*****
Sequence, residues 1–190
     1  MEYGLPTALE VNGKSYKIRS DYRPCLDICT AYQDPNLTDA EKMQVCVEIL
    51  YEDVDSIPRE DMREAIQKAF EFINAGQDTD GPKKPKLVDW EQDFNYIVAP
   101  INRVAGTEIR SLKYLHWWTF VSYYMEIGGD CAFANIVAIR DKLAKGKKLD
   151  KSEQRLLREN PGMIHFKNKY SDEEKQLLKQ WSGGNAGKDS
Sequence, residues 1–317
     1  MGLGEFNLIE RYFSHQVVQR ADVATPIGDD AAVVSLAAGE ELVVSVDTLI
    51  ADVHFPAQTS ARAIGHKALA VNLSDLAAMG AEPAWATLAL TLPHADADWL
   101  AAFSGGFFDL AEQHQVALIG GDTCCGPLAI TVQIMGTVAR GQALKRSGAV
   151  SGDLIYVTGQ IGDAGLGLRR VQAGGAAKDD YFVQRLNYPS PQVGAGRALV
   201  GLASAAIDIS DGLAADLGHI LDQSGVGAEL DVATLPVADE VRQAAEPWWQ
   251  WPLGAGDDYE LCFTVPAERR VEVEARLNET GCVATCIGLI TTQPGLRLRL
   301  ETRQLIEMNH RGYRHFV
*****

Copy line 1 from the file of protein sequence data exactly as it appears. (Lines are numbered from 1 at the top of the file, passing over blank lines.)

Sequence, residues 1–190